graemlins/cheers.gif

Sherlock
10-14-2002, 06:20 PM
Thanks for the note,

Actually I'm not too worried. I have a few things lined up (the "hidden" car market) for possibly a year or so from now. I came close about five years ago to picking up a 1962 Vauxhall Victor wagon (actually the Envoy Sherwood version), but just missed out - a long story I won't repeat here. I've looked at a few cars - Ford Cortina, 1967 Triumph 2000, Standard Ensign, another 1962 Victor wagon, 1965 Vauxhall Victor, and most recently a 1964 Envoy Special . Some are possibilities and some have been crossed off my list already.

Anyway, patience, patience...

And, yes I know I'm into unique cars.

Sherlock

74LotusJPS
10-17-2002, 03:36 AM
Just wanted to add my two cents worth about the Jensen Healey. I restored a 1974 this last year for my father and was actually fairly surprised that the car is pretty easy to work on. Also the 907 can be a great motor and it's definitely true that the later ones have fewer problems. The REALLY important thing to remember regarding these engines is to change the timing belt religiously! I'd probably do it every 10K miles or if it shows ANY signs of wear on it. $25 for a belt and 20 minutes is a small price to pay to avoid toasting the engine. It's also not too hard (though expensive) to get some very serious power out of a 907 (my fathers dynos at 221hp).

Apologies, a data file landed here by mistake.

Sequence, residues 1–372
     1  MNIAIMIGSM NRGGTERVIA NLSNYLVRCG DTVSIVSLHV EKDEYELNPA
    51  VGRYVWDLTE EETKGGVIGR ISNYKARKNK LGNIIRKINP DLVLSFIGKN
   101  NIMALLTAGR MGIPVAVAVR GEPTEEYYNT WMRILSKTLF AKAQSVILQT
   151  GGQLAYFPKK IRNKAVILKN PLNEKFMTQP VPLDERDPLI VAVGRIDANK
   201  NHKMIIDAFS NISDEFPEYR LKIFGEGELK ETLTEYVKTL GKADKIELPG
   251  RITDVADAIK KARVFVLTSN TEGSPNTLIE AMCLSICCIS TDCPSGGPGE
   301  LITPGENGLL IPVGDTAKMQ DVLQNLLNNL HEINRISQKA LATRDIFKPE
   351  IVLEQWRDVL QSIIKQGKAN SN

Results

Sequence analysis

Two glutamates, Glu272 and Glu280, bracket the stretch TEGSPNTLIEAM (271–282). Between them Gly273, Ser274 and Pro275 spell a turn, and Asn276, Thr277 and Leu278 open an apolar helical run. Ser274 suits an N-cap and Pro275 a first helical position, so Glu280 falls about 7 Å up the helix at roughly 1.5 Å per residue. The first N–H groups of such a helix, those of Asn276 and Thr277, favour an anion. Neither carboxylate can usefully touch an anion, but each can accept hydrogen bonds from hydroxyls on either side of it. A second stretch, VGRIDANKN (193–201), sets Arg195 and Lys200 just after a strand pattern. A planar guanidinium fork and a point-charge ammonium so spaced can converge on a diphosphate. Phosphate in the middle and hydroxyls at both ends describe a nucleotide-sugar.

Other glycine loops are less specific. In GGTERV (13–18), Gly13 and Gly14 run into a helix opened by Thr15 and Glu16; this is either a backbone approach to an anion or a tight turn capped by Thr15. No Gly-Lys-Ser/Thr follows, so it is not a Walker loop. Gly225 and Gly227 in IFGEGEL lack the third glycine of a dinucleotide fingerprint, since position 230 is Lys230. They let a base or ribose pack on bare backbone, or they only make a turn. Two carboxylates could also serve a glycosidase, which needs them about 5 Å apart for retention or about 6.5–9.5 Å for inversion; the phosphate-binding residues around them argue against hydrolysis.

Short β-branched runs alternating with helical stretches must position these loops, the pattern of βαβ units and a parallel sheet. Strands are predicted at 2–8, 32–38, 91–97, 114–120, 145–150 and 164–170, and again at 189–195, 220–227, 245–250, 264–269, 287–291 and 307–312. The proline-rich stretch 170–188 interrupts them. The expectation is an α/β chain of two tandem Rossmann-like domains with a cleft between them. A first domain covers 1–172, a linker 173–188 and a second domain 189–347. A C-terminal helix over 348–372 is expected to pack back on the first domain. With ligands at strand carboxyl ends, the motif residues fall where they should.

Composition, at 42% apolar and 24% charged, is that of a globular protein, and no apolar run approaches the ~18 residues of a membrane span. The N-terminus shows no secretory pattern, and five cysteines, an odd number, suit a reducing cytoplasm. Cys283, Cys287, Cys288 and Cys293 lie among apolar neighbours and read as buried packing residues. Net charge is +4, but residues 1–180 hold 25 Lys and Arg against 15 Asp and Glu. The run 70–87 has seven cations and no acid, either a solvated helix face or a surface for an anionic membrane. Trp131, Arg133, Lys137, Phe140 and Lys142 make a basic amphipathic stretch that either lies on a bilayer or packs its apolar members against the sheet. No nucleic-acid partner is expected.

As far as the car goes the thing to look for is rust. If it's there it's going to be in the rockers and around the gas tank.

I believe these cars are currently very under valued. For less money than a MG or Triumph they'll easily out handle and out perform them. But of course you will have to deal with people asking "what kind of car is that" and "who makes Jensen". images/icons/wink.gif

[ 10-16-2002: Message edited by: 74LotusJPS ]</p>

Super 7
11-17-2002, 12:33 AM
The JH's I have tried feel pretty loose for me. Quite a bit of cowl shake, less than a TR6 maybe, but more than a B. Perhaps a 4 piont roll bar might help. I have gotten cold feet every time I came close to buying one, over the chassis flex.

Contemporary road tests will confirm my impressions.

They are inexpensive, quick, and to my eye, quite handsome.

I happen to have a new set of Delortto 45's, with manifold, and a set of European cams for a 907 in my garage left over from an Elite I had.

I keep thinking I need a JH to install them on.

JBsC5
11-17-2002, 09:37 AM
The Jensen Healey was a fast car in its day...no question about it..and didn't its body panels bolt on for quick change?

Good luck in your quest. Was the 2,000 dollars really the price...?????? Did you ever call the buyer to see what he sold that car for...?